What To Expect At A Pet Dental Cleaning

February 11, 2019

What To Expect At A Pet Dental Cleaning


When it comes to the most healthful things you can do to ensure your pet is enjoying a great quality of life, dental wellness nearly tops the list. If you’ve never had your pet professionally cared for, knowing what to expect at a pet dental cleaning can help clear up any questions you may have.

Oral health for pets is one of the key elements in a full-spectrum pet wellness care plan. More than eighty-five percent of dogs over the age of three are suffering from some form of periodontal disease – a shocking statistic considering the consequences of overlooking your pet’s oral health. Paired with a home care plan, having a regularly scheduled professional pet dental cleaning can ensure your cherished friend is free of painful (and potentially fatal) oral health conditions for years to come.

The Initial Observation - Taking a Look Inside

The first part of a pet dental cleaning is characterized by a hands-on observation of the condition of your pets oral cavity. The veterinarian will have a look at various factors such a breath odor, color of gums, signs of inflammation, presence of tartar and calculus, tooth decay, tooth condition, signs of pain, and signs of infection. There are more factors, but these are a few of the things requiring attention. Once this stage is complete, it’s time for anesthesia.
 

The Pet Dental Cleaning - Fast ASleep, A Tooth To Keep

Poetic prose aside, a pet dental cleaning is a pain-free experience due to your pet receiving general anaesthesia* before the process begins. This is often a concern to pet owners, but when administered by a trained veterinary dental professional it is a low-risk and effective way to ensure ideal care is provided (much safer than the potentially fatal risks associated with late-stage pet dental disease).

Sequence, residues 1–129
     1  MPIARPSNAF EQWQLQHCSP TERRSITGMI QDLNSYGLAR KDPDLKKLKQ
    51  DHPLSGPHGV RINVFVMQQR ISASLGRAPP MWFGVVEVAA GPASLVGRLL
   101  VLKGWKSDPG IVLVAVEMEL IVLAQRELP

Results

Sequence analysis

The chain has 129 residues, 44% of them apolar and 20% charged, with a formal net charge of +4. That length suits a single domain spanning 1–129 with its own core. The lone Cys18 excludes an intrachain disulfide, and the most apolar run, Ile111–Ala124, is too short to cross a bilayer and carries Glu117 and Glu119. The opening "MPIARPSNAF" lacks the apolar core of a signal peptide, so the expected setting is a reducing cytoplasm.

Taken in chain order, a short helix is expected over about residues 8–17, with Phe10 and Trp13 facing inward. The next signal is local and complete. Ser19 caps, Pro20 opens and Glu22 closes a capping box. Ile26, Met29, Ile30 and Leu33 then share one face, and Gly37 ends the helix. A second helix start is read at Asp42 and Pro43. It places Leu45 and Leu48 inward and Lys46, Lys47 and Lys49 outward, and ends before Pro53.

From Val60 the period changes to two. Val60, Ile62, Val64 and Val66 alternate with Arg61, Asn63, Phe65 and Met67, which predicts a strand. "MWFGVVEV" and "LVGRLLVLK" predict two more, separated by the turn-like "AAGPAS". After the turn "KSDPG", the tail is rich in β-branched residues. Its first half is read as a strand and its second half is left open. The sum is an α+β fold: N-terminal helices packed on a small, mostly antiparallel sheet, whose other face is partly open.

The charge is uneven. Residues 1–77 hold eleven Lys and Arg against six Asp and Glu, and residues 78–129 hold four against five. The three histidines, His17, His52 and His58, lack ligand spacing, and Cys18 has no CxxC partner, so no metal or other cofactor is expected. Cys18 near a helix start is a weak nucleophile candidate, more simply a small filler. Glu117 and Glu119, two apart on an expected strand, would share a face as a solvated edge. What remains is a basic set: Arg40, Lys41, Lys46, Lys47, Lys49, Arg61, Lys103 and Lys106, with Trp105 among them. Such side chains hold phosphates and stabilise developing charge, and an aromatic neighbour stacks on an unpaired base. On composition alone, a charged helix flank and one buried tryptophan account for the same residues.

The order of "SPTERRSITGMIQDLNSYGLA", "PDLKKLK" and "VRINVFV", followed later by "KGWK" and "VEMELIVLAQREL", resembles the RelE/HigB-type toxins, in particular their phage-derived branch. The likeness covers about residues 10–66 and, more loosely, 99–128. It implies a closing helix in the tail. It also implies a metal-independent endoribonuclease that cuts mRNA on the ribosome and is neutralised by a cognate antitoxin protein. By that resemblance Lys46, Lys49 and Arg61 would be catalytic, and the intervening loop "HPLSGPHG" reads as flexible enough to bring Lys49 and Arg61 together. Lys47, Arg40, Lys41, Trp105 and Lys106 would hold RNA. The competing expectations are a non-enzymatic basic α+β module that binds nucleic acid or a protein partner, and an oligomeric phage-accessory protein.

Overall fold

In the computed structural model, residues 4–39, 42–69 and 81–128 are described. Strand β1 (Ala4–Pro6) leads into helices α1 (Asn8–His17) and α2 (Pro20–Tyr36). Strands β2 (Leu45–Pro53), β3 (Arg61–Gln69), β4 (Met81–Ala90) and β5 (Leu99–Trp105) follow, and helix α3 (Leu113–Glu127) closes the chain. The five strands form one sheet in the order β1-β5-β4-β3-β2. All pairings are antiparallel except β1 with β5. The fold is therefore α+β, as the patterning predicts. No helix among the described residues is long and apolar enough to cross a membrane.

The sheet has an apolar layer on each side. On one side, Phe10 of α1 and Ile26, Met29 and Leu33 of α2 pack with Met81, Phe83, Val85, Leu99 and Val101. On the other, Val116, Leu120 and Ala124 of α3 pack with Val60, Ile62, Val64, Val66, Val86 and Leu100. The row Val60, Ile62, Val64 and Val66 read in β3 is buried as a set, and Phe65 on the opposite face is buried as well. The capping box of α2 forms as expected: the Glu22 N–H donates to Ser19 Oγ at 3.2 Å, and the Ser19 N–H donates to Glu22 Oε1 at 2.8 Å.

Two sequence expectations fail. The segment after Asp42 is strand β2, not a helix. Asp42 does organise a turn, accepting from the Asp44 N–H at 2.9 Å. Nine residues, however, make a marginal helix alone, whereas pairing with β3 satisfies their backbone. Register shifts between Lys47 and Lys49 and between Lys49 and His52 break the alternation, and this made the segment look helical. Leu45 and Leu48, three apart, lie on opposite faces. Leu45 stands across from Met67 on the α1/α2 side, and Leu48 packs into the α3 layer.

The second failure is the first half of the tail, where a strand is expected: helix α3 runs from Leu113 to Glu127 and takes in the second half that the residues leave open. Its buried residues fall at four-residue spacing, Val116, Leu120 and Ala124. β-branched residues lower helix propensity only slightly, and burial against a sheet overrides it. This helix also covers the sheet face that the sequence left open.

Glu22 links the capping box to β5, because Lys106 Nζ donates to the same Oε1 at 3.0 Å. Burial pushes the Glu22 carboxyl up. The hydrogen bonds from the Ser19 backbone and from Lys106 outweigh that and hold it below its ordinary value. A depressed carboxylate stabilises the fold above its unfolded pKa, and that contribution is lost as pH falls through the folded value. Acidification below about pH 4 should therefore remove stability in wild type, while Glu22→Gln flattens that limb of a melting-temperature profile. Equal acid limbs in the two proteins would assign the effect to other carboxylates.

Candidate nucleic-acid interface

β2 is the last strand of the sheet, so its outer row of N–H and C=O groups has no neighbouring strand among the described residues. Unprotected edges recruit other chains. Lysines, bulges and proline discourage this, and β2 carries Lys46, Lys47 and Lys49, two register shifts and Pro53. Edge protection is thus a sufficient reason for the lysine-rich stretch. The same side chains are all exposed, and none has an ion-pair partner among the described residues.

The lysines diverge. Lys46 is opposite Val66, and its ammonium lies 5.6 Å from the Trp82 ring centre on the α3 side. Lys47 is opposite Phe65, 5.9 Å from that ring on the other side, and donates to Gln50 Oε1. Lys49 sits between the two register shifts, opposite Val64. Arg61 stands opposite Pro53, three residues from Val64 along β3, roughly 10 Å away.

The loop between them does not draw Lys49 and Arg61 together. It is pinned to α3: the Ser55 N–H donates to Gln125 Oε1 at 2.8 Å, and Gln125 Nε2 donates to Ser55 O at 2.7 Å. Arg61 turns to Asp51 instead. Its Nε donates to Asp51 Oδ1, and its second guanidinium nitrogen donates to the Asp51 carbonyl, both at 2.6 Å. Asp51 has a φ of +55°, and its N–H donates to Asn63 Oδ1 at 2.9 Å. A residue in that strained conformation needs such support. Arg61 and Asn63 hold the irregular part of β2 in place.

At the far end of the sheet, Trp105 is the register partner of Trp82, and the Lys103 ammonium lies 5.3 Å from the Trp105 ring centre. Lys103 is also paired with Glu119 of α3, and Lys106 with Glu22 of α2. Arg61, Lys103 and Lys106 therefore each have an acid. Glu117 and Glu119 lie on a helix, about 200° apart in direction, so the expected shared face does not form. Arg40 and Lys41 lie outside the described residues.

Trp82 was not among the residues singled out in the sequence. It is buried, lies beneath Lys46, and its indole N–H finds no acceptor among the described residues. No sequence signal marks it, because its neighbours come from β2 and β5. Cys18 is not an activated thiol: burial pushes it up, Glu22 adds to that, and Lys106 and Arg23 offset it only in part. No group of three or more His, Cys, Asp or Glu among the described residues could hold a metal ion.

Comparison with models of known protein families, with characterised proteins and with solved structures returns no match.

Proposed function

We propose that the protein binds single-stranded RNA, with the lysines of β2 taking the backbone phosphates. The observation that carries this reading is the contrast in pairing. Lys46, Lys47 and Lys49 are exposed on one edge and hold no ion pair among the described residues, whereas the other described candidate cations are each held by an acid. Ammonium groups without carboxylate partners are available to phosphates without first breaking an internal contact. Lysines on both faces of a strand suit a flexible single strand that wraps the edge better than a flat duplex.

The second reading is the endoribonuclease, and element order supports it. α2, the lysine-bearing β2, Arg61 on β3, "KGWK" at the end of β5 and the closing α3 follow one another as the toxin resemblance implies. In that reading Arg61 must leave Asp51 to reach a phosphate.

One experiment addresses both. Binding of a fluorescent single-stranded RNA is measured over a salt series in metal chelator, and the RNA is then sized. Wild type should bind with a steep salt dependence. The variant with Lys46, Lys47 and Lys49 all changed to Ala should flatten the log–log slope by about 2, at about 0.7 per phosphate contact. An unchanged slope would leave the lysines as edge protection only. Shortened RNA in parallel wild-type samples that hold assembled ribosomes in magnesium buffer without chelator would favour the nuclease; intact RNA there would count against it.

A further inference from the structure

Once asleep, your pet will be given an x-ray to determine the full extent of their dental condition, especially under the gum line where the most concerning problems most commonly arise. This is followed by a complete cleaning under the gum line, scraping and scaling of the tooth, and a final polishing once complete.

If any problems are found that require further attention beyond a general cleaning your vet will inform you of these once complete. You can schedule a further visit, or depending on the problem, can opt to have it fixed then and there if offered. This may add some cost to the procedure but will save your pet from potentially more complicated (and costly) issues in the future.

*You may have heard of anaesthesia-free pet dental cleanings. There are more risks to this procedure that often far outweigh any potential benefits. The main risk is not being able to clean below the gumline. Your pet may have glistening white teeth on the surface, yet are completely rotten near the root causing irreversible bone loss, tooth loss, possible blood toxicity, and lots of pain.
 

Post-Cleaning - A Healthy Mouth Awaits

Once the cleaning process is complete, your pet will generally be free to go home with you. Once recovered from the anaesthesia, and if no further procedures were done, your pet can return to your normal routine. Each case is unique, however, so make sure to listen to the advice of the vet as to what is required to care for your pet’s mouth at home. An at-home oral care routine between visits can make a big difference as well, so make sure to ask about this before leaving.
 

Final Thoughts

One of the most effective health-promoting practices you can introduce to your pet’s routine is a pet dental cleaning. The professional attention below the gumline will save your pet from years of painful dental issues and potentially fatal late-stage periodontitis (gum disease). Talk to our staff here at All Paws Vet today about scheduling a consultation to determine an ideal oral health routine for your pet. Call a representative at (847) 584-1900.